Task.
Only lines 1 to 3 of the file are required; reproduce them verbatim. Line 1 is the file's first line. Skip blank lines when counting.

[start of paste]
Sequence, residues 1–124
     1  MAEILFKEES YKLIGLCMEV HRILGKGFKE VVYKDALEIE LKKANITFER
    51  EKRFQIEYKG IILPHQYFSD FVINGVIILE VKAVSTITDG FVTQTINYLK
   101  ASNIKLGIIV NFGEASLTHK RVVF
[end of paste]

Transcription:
Sequence, residues 1–124
     1  MAEILFKEES YKLIGLCMEV HRILGKGFKE VVYKDALEIE LKKANITFER
    51  EKRFQIEYKG IILPHQYFSD FVINGVIILE VKAVSTITDG FVTQTINYLK